Lean: taking the strain out of admissions

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university lecture theatre
Middlesex University has produced a better student experience, reduced mundane admin tasks and boosted staff confidence, simply by improving its admissions system. Karolin Arvidsson explains how it worked.


In 2015 the business enhancement team (BET) at Middlesex University started a university-wide project in conjunction with a technical application and system project to implement an online application portal.

A review of business processes and the IT infrastructure that supported admissions demonstrated the need to reduce manual routine tasks, to let applicants to have sight of the current stage of their application and to better serve the academic community who invest time in reviewing applications and making decisions.

Staff say that the briefings are very effective in adopting a more collaborative approach between teams.

The application and admissions improvement project aimed to redesign the admissions process and improve the flow of student applications. The objectives of the project were to help allocate resource efficiently, manage peak periods, improve coordination and collect student data. Additionally, the BET facilitated the streamlining of the admissions process, together with the teams responsible, to better serve prospective students applying to study at the university.

What we did

Four main teams were involved to ensure the success of the project: admissions operations, admissions communications, admissions technical and student visa compliance. Together they collaborated with a total of 65 members of staff from faculties and services to identify and implement improvements. The project had a significant impact, driving out inefficiencies in the applications and admissions journey.

During the project, BET introduced different lean tools and techniques to enable the teams to continuously improve the applicant and staff experience. The teams started by collecting data and conducting analysis on the current state. They then used process mapping to identify and eliminate waste, and deployed appropriate improvement solutions to provide value to our prospective students.

All teams are now using visual management to monitor daily and weekly workload and performance indicators focusing on the quality of service delivered to applicants and faculties. The admissions teams created a working calendar shared with the wider academic registry department, showing important milestones throughout the academic year.

Read more about how others have used lean to improve efficiency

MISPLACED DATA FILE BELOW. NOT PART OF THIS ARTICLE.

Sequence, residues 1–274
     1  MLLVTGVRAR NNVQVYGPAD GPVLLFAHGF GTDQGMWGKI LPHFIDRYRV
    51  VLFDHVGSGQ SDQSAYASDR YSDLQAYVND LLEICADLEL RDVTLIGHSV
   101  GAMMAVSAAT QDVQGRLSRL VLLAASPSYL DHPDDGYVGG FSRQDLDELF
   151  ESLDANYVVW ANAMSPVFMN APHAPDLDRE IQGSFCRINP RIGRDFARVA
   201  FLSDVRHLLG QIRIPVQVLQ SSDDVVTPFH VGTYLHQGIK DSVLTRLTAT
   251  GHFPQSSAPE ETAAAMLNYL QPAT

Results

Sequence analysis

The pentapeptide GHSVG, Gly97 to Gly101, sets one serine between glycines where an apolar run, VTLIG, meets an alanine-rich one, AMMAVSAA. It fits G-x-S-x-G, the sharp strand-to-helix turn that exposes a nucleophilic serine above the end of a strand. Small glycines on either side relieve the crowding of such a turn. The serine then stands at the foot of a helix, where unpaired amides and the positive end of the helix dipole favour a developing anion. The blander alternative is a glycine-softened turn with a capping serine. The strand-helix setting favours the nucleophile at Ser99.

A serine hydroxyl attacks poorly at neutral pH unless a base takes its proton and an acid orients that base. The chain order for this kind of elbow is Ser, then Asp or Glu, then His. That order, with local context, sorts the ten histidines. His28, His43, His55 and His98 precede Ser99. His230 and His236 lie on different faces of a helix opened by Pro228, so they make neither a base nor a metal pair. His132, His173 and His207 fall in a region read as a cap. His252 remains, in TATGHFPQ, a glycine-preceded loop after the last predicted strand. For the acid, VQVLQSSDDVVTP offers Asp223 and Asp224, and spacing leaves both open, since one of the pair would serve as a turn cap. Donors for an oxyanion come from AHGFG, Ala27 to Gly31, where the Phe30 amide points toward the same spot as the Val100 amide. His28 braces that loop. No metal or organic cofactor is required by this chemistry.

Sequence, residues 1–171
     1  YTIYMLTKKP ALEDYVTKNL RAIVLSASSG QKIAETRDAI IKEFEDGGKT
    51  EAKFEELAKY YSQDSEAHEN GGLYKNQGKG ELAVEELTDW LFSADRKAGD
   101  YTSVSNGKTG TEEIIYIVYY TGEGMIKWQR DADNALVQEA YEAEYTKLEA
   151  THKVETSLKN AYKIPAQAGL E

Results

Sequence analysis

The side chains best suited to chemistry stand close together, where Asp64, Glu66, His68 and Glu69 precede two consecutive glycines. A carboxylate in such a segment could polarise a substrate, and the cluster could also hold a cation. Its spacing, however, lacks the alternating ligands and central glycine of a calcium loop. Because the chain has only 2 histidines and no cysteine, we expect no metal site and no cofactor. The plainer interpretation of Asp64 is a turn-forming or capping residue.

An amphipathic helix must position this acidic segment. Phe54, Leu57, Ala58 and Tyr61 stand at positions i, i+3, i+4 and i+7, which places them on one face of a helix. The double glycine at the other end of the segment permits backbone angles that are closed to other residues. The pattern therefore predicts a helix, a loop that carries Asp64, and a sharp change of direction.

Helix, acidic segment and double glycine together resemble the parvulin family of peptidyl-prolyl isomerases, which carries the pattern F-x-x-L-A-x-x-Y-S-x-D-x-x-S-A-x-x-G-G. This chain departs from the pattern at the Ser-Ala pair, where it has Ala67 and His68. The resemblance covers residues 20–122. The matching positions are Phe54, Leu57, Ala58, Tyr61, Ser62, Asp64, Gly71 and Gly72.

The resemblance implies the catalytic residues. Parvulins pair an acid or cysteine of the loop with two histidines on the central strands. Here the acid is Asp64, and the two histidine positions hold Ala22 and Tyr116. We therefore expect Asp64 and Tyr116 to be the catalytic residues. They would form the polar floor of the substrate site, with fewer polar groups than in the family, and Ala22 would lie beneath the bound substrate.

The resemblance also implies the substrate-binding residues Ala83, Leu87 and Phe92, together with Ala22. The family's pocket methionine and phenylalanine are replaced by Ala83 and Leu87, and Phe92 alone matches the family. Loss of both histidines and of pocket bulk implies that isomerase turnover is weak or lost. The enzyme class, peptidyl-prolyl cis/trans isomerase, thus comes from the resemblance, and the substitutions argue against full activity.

Short daily team led briefings (communication cells) were also introduced to enhance communication across the teams, discuss issues, and identify opportunities for improvement and share successes with colleagues. These briefings supported the roll-out of the new application portal by allowing staff to easily and quickly provide feedback on any technical issues slowing down the new applications process. Additionally, staff say that the briefings are very effective in adopting a more collaborative approach between teams.

Positive outcomes

The project has resulted in improvements to quality and student experience:

  • The admissions teams have increased the quality of offers by 20% since May 2016.
  • A ‘one stop shop’ has been set up on campus for applicants requiring a disclosure barring service (DBS) check. 58% more DBS checks were completed in June 2016 compared to June 2015, ensuring that more students can start their placements on time
  • Speeding up the process has reduced the average turnaround time from application to offer for home fee-paying undergraduate students by 25% from the 2016 cycle to 2017 cycle.
  • Reducing incoming enquiries from applicants asking about the status of their application by 40%, issuing significant numbers of automated communications to applicants to notify them of changes to their application.
  • Staff feel that they are more able to take ownership of improvements to continuously enhance the applicant journey

Continuous improvement as a way of working

The introduction of lean has positively affected admissions staff and their relationship with colleagues around the university. Monitoring the incoming workload and how the admissions area is performing, with the use of data, has helped allocate resources appropriately and to manage peak periods more efficiently.

Teams have expressed a new-found confidence in leading the daily briefings and see the importance of celebrating achievements. Throughout the project, staff members have developed their personal skills and gained new ones through the introduction of lean tools and techniques. This has enabled them to carry out enhancement initiatives in their areas, all contributing to continuous improvement.

Read the case study of the Applications and Admissions Project to find out more about the process and experiences of the staff involved.

For more information, contact Karolin Arvidsson or Anne Wendt at Middlesex University

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Karolin Arvidsson
Business enhancement manager, Middlesex University

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